Excerpt of Lightly Seasoned:
My secretary/ receptionist, Maeve Lister, had left an hour earlier, and
I had just finished charting on the occupational therapy client I had
seen from my temporary home office.
I opened the door to a tall, well-built man in his mid-thirties, with
shiny, thick dark hair and expressive brown eyes. Something about him
made me curious, though I couldn’t have explained why. He had wide set
eyes with long black lashes, framed in a fair complexion, and handsome
regular features. Standing there, he reminded me of someone, but for the
life of me, I couldn’t think who it was.
His gaze held mine as he asked, “Excuse me, but are you Della Bradshaw?”
With an apologetic smile, I said, “Oh, no. I’m sorry. I’m Creighton
Bradshaw. May I help you?”
“I beg your pardon?” he asked.
“Please come in, and we can talk.”
In my wildest imagination, I couldn’t fathom why I had just opened the
door to a perfect stranger. I grimaced and sighed briefly at my own odd
behavior, as I turned to show him to the living room.
been threatened several times over the past few months, I would’ve
thought I had gained some perspective on the subject of stranger danger,
but perhaps that was too much to hope for.
I gestured to a chair. “Please sit down, and tell me what I can do for
Awkwardly, he said, “I’m sorry to bother you, but I came to find my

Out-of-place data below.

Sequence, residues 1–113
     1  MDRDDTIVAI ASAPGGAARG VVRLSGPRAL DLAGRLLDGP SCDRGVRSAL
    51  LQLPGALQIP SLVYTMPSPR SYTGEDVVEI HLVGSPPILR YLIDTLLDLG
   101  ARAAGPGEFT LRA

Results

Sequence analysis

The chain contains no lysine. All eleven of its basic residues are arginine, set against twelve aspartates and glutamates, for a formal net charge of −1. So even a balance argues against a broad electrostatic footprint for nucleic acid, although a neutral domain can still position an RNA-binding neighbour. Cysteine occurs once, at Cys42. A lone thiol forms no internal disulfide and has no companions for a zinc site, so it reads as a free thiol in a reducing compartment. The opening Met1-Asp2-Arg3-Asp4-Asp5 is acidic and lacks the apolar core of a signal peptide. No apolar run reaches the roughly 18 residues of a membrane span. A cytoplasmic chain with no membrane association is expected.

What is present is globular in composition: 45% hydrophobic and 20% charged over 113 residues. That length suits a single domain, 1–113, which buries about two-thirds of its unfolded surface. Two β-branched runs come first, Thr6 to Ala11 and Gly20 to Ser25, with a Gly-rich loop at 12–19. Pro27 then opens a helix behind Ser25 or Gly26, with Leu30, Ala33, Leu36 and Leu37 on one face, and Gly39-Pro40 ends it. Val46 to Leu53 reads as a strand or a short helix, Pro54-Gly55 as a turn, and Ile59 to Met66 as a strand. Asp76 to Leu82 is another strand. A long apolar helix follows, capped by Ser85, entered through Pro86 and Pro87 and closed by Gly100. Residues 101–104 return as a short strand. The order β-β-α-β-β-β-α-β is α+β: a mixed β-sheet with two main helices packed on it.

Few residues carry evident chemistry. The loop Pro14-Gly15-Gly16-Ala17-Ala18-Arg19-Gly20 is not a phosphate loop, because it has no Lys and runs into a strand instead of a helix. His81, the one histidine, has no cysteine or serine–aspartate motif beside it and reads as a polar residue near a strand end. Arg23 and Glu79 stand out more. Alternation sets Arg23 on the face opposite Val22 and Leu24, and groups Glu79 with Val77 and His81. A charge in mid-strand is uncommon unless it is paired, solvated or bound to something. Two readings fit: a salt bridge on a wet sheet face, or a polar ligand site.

mother. Your neighbor told me where to find you.” He sank into a chair.
I blinked in confusion. “Your mother? Did you say ‘your mother’?”
He nodded. After a pregnant pause while I pondered his words, I said,
“Could I get you something to drink? Coffee or juice perhaps?”
“Oh, juice would be nice. Thank you.”
“All right. Please excuse me. I’ll be right back.”
I stood and strode toward the kitchen, my mind whirling. His mother?
A minute later, I handed him a glass of apple juice and held another in
my hand. Suddenly, my mouth felt dry, and my heart raced. I took a sip
of the juice then sank into my seat.
I said, “Pardon me, but I don’t know your name.”
Suddenly embarrassed, he jumped to his feet and extended his hand. “Oh,
I’m sorry. I’m Michael Farraday.”
His handshake felt confident, safe, and I relaxed just a bit as he
“Well, perhaps you can explain what you meant when you said you were
trying to find your mother?”
He took a quick sip of juice, then set the glass on a coaster on the
coffee table and folded his hands in his lap. I noticed his hands, long
and graceful, like those of an artist. They began moving restlessly in
his lap while I watched.
He gave me a sardonic smile. “This is going to sound unbelievable, but
please bear with me.”
I nodded, wishing he would get to the point. But the gentle yearning in
his eyes encouraged me to be patient.
His gaze scanned the room and finally settled on my face. “I have reason
to believe that Della Bradshaw is my mother.”
I blew out a gentle puff of air, hearing his words.
“Della Bradshaw is my mother.”
My own hands felt suddenly restless, and I had to force them to stay
put, as I said, “I’m sorry. I don’t understand.”
After a beat, I added, “Della Bradshaw couldn’t have children. She and
Will were childless during their marriage, so I’m at a loss to
understand how she could have had a son.”
“I don’t know about that, but I’ve been trying to track her down for
several months now and from all indications, I find that she lives here.
Could you tell me where I can find her?”
Feeling awkward, I realized that he had no idea she was dead.